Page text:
Various light traps have been developed and used for mosquito sampling and surveillance, but most have been used for experimental comparison purposes only (Silver 2008, Sriwichai et al. 2015, Mwanga et al. 2019). The Centers for Disease Control and Prevention (CDC) miniature light trap and similar devices have been extensively used and evaluated (Silver 2008). In some instances, light traps have been shown comparable to HLC for capturing indoor species when using protected humans as attractant cues (Mathenge et al. 2005), while others have not (Overgaard et al. 2012). Of the different types of light sources ranging from incandescent, fluorescent to LED lighting systems, LED lights have been utilized to attract various insects and pests (Bishop et al. 2004, Bentley et al. 2009, Yoon et al. 2012, Zheng et al. 2014, González et al. 2016). Advantages of LED lights are low power consumption, cool operating temperatures, durability, and monochromatic light production (Hoel et al. 2007). The LED lights are available in various wavelengths depending on need (Schubert et al. 2000, Singh et al. 2015). For mosquitoes, Costa-Neta et al. (2017) found that LED blue (470 nm) was more effective than LED green (520 nm) for attracting anophelines in Brazil. Burkett et al. (1998) reported no significant difference among 4 LED light traps (red, orange, yellow, and green) for catching Anopheles mosquitoes in Florida (USA). Comparisons of LED lights with ultraviolet (UV) fluorescent lights in trap systems have shown that LED light traps displayed greater trapping efficacy for mosquitoes (Kim et al. 2017). Conversely, traps equipped with UV-LEDs and colored LEDs were less performing than that of incandescent bulbs for collecting anophelines (Ponlawat et al. 2017). However, no study on the use of LED lights for collecting urban nocturnally active mosquitoes has been studied in Thailand. Therefore, we compared the efficiency of different light sources: 4 LED-equipped traps emitting blue, green, yellow, and red wavelengths and 2 fluorescent light sources, UV and white, for attracting and capturing mosquito species present in a varied urban environment in Bangkok, Thailand.
MATERIALS AND METHODS
The study was conducted at the Kasetsart University (KU) main campus, Bangkhen (13°50′32.96″N, 100°34′2.98″E), Chatuchak District, in northern Bangkok, Thailand. The campus covers approximately 135.7 ha (335 acres) and is located inside a heavily urbanized area of the greater Bangkok metropolis. The campus grounds consist of educational and dormitory buildings, internal roadways, and numerous open drainage lines. The area also has many trees, planted vegetation, and permanent ponds throughout the campus. Six fixed locations within the campus were randomly selected using a grid system for light trap placement, and geo-coordinates of each location are provided (Fig. 1).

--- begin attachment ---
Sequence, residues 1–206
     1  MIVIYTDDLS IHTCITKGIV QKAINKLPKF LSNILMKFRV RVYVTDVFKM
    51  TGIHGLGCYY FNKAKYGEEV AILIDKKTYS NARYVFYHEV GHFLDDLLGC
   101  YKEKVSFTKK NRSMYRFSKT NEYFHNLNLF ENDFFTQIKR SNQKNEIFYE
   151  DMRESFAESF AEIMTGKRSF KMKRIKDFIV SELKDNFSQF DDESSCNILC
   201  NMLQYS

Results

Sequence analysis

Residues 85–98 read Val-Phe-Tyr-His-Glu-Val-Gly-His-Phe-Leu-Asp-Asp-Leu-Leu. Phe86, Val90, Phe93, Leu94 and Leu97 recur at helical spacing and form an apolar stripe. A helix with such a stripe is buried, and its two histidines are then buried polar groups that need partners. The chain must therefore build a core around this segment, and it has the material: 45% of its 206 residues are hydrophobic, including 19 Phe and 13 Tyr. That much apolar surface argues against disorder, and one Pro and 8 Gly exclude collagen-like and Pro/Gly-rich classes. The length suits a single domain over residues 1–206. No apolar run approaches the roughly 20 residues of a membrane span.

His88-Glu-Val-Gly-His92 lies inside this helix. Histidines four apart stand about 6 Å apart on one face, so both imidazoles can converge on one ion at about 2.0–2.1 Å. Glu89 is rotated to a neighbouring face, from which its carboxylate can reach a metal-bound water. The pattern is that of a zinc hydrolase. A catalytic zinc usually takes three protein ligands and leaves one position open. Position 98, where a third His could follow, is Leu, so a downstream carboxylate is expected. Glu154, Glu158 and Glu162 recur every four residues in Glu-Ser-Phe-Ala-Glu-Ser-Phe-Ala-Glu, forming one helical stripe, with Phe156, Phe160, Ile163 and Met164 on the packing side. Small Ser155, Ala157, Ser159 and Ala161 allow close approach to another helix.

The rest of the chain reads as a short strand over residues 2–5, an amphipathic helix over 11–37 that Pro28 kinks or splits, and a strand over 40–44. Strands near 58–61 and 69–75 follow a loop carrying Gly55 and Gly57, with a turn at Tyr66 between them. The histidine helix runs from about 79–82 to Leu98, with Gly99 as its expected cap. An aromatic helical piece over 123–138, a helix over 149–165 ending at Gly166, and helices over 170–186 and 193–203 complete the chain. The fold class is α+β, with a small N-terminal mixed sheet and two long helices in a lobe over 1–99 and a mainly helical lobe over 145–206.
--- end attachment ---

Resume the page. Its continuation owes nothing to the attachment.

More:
The mosquito trap (Black Hole™ Mosquito Trap; Bio-Trap Inc., Seoul, Korea) used in this study was purchased in Thailand (Pan Science Co., Ltd., Bangkok). The trap is made of durable black plastic material equipped with an electrical fan and a UV light source (2 4-W fluorescent UV bulbs) powered by an alternating current 220–240V electrical system. Each trap is 25 × 25 × 32 cm in size and weighs 1.2 kg. Before testing, 5 traps were modified by replacement of the factory-equipped light source with 1 of 4 LED bulbs (blue, green, yellow, and red), or a fluorescent white bulb (Eve Lighting Co., Ltd., Bangkok, Thailand). Six identical traps were each equipped with different illumination at the following wavelength emission band range: fluorescent UV (peak at 354–468 nm, light intensity 63,913 arbitrary units [a.u.]), and visible light from fluorescent white (peak at 277–400 and above 750 nm, light intensity 53,791 a.u.), LED blue (peak at 416–428 nm, light intensity 63,294 a.u.), LED green (peak at 553–567 nm, light intensity 61,040 a.u.), LED yellow (peak at 575–589 nm, light intensity 61,576 a.u.), and LED red (peak at 740–755 nm, light intensity 62,154 a.u.). The LED bulbs had a 6-W power requirement and the fluorescent white bulb, 5-W. Each trap was hung with the objects, approximately 1.5 m above the ground.
Between February and August 2019, nocturnally active mosquitoes were captured from the 6 light traps operated continuously from 1800 to 0600 h. Approximately every 3 h (2100, 2400, 0300, and 0600 h), all captured mosquitoes were removed by hand from each trap using a mouth aspirator, transferred to labeled holding cups for each time interval, processed in the laboratory, and enumerated by species and sex under a dissecting microscope. Mosquitoes were killed in the freezer (−20°C) at least 30 min and placed individually in petri dish under a stereomicroscope (Carl Zeiss™ Stemi™, Göttingen, Germany) DV4 Series at 40–50× magnification. All mosquitoes were morphologically identified using illustrated keys for adult mosquitoes (Rattanarithikul et al. 2005a, 2005b, 2006a, 2006b, 2007). Mosquito larvae/pupae were sampled once around each respective trap location. The habitats for sampling mosquito larvae were close to the trap location, within a radius of 100 m. Search for mosquito larvae were conducted using a dipping collection method during the study period. Immature mosquitoes were reared to adults and identified using referenced keys.
A 6 × 6 Latin square design rotation was used between different light traps and fixed locations. The initial distribution of the collection sites was randomly selected using an overlay grid system of the KU campus, dividing the area into 6 sections. Each section was further divided into 6 smaller grids and numbered from which a location was selected based on a blind draw. After location selection, traps were rotated in a sequential pattern each collection period to avoid sampling bias. Pretrial trapping at the locations was excluded in the experiment. Each light trap had either an LED or fluorescent light source (no blank trap). Each trapping trial was conducted during 6 consecutive nights, representing 1 replicate. The experiment required 6 replicates, comprising 36 collection nights for a total of 216 trap-nights.